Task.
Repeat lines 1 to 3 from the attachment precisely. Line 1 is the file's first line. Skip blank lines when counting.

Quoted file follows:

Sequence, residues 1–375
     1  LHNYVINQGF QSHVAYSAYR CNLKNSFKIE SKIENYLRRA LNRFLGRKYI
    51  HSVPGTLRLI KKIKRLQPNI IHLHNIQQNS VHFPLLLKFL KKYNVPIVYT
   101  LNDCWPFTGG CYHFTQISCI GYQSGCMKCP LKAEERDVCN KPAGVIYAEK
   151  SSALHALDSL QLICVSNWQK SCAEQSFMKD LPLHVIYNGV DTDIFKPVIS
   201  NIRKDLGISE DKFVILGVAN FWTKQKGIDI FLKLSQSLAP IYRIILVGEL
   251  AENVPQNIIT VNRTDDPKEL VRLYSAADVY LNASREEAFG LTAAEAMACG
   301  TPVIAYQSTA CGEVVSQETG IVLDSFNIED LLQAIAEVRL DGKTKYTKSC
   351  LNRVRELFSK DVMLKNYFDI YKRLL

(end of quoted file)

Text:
Sequence, residues 1–375
     1  LHNYVINQGF QSHVAYSAYR CNLKNSFKIE SKIENYLRRA LNRFLGRKYI
    51  HSVPGTLRLI KKIKRLQPNI IHLHNIQQNS VHFPLLLKFL KKYNVPIVYT